Stop! Don’t toss out the black lip of that abalone you are cleaning-
IT MAY CURE HERPES!
|Friends cleaning abalone.
The blue blood of abalone found on its black lip may block herpes
|The 10″ abalone for which Abalone Bay is named|
Diving and harvesting the seabed delicacy, abalone, in the California Mendonoma coastline is a sport that many enjoy. In fact it is the reason we have our Sea Ranch oceanfront vacation rental which we aptly named Abalone Bay.
But did you know that the the protein that makes the abalone’s blood blue can also be used to combat common cold sores and related herpes?
These small to very large edible sea snails contain potent anti-viral properties and chemical engineers in collaboration with virologists at the University of Sydney have identified how these properties block the herpes virus ‘s entry into cells.
The research began by accident, after the warts on a fish processor’s hands started to heal themselves after he’d spent a month working with the Tasmanian blacklip abalone around a decade ago.
After investigating what caused the warts to clear up, scientists from the University of Sydney and Marine Biotechnologies Australia found that a Tasmanian abalone protein known as hemocyanin has potent anti-viral properties.
The raw material for the research came from the blood of black lip abalone found in pristine bays along the Tasmanian coastline.
“Hemocyanins are giant copper-containing glycoproteins and their primary function is to collect and deliver oxygen to desired tissues. Our study shows that abalone hemocyanin inhibits herpes simplex infection,” Fariba Dehghani, a bioengineer from the University of Sydney, explained in a press release.
“We know once infection occurs the virus integrates itself into a body’s nerve cells where it lays dormant awaiting reactivation. When awakened it travels back along the nerve tracks to the surface where it takes the form of watery blisters and ulcers on the skin,” she said.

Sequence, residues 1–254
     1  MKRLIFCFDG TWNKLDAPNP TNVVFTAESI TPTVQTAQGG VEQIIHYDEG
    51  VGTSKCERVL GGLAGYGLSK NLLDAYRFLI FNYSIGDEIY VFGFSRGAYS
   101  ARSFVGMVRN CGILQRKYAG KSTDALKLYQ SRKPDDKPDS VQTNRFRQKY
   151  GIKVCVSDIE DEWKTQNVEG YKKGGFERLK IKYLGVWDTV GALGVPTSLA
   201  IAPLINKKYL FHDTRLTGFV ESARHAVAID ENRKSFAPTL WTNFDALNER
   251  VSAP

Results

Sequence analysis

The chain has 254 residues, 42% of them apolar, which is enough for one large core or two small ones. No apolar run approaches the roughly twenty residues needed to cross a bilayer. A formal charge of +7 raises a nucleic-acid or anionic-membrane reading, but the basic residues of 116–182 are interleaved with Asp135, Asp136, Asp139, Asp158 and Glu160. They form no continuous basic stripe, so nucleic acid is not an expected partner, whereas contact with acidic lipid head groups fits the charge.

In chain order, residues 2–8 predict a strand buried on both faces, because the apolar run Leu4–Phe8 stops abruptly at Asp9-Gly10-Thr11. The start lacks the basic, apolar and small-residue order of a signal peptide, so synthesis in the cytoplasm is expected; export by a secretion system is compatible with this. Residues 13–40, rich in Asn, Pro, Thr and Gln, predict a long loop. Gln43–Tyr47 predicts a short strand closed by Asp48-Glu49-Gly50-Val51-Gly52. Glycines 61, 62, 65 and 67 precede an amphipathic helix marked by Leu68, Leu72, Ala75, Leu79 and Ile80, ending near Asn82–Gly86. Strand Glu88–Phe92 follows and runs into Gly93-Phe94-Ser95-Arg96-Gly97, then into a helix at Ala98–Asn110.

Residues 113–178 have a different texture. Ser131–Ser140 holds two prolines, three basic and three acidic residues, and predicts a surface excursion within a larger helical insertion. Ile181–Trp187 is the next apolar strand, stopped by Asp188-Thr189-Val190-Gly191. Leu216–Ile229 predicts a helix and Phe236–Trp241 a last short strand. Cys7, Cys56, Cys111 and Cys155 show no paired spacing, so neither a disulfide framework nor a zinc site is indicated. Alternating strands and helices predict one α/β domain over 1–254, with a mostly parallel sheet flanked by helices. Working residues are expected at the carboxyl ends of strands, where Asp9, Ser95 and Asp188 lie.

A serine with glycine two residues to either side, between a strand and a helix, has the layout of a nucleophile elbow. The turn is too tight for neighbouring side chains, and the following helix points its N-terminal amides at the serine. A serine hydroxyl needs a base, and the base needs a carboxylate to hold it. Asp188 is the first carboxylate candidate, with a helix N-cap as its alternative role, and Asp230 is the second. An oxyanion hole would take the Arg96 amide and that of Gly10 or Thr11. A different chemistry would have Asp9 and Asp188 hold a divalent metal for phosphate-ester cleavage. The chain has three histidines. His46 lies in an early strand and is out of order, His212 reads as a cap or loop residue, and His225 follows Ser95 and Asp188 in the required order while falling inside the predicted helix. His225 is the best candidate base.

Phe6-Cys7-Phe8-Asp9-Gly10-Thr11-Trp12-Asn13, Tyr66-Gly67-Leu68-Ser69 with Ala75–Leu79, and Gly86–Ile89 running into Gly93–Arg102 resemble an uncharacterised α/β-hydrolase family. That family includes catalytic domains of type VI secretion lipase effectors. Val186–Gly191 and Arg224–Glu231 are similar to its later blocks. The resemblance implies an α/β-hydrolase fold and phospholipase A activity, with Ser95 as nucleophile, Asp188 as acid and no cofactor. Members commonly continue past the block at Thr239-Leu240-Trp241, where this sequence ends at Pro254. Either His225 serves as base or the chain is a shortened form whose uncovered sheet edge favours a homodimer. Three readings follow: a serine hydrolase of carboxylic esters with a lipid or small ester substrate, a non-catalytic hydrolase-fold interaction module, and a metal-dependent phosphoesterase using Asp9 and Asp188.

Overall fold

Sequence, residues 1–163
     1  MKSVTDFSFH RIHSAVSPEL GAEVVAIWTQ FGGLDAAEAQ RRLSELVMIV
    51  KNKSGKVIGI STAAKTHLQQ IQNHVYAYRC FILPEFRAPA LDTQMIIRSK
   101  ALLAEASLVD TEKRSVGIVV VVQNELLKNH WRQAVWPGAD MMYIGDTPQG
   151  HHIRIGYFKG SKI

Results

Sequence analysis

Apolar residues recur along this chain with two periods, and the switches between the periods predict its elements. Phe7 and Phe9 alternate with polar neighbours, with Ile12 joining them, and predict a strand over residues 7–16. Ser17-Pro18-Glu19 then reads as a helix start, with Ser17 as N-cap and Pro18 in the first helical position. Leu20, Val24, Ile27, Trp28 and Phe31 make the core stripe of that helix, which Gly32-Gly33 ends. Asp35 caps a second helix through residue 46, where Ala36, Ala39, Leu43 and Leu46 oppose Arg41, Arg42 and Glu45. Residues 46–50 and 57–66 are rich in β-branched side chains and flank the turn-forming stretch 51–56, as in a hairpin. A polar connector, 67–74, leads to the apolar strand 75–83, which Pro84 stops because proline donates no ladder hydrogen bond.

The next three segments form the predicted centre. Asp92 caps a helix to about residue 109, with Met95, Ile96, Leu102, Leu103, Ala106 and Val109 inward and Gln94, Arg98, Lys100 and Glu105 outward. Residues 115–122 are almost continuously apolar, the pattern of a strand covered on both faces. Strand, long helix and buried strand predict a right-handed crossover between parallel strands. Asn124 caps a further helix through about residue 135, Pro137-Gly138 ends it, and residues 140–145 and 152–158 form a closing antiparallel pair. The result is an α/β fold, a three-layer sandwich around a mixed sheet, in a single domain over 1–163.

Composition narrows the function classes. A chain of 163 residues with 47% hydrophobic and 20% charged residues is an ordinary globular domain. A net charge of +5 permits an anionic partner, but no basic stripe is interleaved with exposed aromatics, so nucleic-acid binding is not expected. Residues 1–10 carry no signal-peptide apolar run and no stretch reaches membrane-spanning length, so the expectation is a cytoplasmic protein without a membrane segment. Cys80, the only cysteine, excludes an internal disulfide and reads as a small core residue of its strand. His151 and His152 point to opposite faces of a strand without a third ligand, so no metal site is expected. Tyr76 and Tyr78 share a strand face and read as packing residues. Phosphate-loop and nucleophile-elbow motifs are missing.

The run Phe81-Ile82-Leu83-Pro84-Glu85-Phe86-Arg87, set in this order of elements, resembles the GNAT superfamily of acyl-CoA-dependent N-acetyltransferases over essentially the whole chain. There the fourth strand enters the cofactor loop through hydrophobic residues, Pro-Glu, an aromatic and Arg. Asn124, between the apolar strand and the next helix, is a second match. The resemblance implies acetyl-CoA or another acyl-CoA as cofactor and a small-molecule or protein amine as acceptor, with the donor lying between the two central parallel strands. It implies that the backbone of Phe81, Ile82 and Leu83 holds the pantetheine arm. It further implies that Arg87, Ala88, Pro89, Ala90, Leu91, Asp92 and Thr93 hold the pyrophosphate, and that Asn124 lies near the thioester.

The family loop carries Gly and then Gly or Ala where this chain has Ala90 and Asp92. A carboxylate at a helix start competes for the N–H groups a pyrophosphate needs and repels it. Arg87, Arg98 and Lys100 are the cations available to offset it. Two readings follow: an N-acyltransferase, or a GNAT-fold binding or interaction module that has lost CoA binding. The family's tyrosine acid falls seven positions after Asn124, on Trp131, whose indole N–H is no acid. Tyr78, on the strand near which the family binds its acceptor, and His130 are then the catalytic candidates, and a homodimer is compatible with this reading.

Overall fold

The researchers are now developing a drug based on the protein that will not only manage the symptoms of herpes, as current drugs do, but actually reduce the recurrence of the virus and speed up healing.
If successful, the drug could lead to a whole new class of anti-viral compounds.
Researchers have been studying abalone’s blue blood for a decade.
“Ten years ago we were involved in an abalone serum trial relating to cancer treatments. During the clinical tests where patients drank a processed form of Abalone blood they reported a much lower incidence in their cold sore breakouts,” says Mr Cutherbertson.
Currently more than 70 percent of Australians carry the herpes simplex 1 virus, which causes cold sores, while 13 percent carry herpes simplex 2, which can cause genital herpes. Although there are medications to help shorten the length of flair-ups of the virus, there are currently no known treatments that can kill it.